Malaria

Malaria

Blog #1 Toby Mast

Malaria is a parasitic disease that is carried by mosquitoes. The disease is most common in Africa  and southwest  Asia (especially in tropical countries). In 2012, more than half a million children were killed by this deadly disease. The horrible part about this is they could have been saved. One dollar can buy a life saving treatment that will save a child with malaria. Bed nets prevent the disease from spreading and save people sleeping under them. Also multiple vaccines are close to success and with more funding there could be complete eradication of the disease.  Despite an impending solution, every 60 seconds a child dies as the parasite destroys their body. According to the Lancet  (a medical journal) malaria is one of the top ten causes of death we could prevent.

Miliaria starts in the saliva of the mosquito. When the mosquito bites a human, the mosquito injects its saliva numbing the wound. The parasite enters the bloodstream with the salvia. Then the parasite travels through the blood and into the liver. The parasite lives there for a year maturing and re-enters the bloodstream. The parasite enters red blood cells and reproduces  inside of the cells until they rupture. The destruction of red blood cells eventually


The malaria parasite destroying red blood cells

From: medilinks.blogspot

                Here you can see the malaria cycle

               From: traveldoctor.co


kills the human unless their immune system manages to kill the parasite. This is why malaria is deadly to children, the elderly or the weak who are more likely to have weaker immune systems.

Unique components of malaria are what causes difficulties in eradication. For example, mosquitoes are killed in one area in an expensive endeavour to eliminate mosquito born diseases. A year later when the mosquito population returns, the parasite within the liver could mature and enter the bloodstream. The infected person is bitten by the mosquito and some of the parasites are pulled back into the mosquito. The next person the mosquito bites receives the parasite.

in this diagram, the Malaria spreads as one person is bitten multiple times, then the mosquitoes that bite other humans spreading the disease. This pattern would continue making the spread exponential.

Another part of the disease that makes it deadly is the difficulty  to diagnose without a blood test. Almost all the symptoms could be from more common diseases, and require thorough examination or an expansive blood test to diagnose. The final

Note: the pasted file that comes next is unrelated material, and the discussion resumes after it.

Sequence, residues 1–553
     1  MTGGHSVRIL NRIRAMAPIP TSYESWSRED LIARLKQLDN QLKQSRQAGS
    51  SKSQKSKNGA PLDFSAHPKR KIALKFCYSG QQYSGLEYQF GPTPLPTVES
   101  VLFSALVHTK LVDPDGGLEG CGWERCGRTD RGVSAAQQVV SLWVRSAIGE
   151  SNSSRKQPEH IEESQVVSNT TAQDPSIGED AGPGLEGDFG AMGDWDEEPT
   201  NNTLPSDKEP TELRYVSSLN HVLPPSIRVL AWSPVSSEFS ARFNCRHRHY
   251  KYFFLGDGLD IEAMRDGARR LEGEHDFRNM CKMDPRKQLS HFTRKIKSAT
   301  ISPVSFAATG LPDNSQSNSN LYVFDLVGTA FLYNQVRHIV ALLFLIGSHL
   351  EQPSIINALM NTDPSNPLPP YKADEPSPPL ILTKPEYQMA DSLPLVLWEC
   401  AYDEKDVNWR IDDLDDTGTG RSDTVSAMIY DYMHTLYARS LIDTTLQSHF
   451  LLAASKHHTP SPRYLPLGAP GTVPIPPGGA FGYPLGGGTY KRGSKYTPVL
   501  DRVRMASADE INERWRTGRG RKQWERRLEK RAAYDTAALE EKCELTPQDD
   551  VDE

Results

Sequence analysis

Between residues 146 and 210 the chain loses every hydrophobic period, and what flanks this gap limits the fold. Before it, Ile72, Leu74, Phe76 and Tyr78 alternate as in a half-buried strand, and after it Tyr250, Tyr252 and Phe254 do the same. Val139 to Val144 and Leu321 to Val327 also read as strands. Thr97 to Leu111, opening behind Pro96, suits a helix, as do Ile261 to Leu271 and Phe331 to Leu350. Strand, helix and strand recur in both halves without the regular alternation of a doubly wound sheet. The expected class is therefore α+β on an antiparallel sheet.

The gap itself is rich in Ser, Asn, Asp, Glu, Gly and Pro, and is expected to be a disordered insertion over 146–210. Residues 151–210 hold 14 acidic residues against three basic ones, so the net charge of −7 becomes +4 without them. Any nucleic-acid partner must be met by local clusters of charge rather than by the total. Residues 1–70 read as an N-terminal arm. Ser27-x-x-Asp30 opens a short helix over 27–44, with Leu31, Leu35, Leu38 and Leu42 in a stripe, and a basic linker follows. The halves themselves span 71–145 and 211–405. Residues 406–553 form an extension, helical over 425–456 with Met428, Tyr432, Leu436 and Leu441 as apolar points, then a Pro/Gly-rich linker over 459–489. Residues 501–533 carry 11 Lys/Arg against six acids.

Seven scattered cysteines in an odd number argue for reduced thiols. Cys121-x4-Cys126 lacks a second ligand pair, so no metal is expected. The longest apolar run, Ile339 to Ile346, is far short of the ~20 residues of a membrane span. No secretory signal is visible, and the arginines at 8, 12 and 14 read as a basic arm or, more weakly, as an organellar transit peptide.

The symptoms of malaria are very common in many diseases excluding spleen enlargement. This image is from medilinks.blogspot


examination or an expansive blood test to diagnose. The final reason it is difficult to eradicate is it will requires a unique vaccine. The vaccine would ideally need to:

- have a  way to effectively transport without the need for liquid nitrogen

-Be versatile and convert to face multiple subspecies of malaria.

-be inexpensive and easy to manufacture

-have less than 3 treatments

-have a high percentage of prevention

Despite the difficulty, there are organizations that work to create vaccines. One organization is known as PATH Malaria vaccine initiative. They fund promising research for vaccines and help them move to the approval process. There is hope: there is a vaccine that would save millions of lives. The problem is  according to MVI, it would take half a billion dollars to eradicate.

Therefore, the making of these vaccines is not eminent. They will be made later while in the mean time people slowly die while a dollar could buy life-saving treatment. In the  program called the Power of One,  a dollar treatment will be given to a dying child. Bed nets prevent the the spreading and original infection. Malaria treatments have saved 5.1 million people. You could save another and take a step to make the world a better place.


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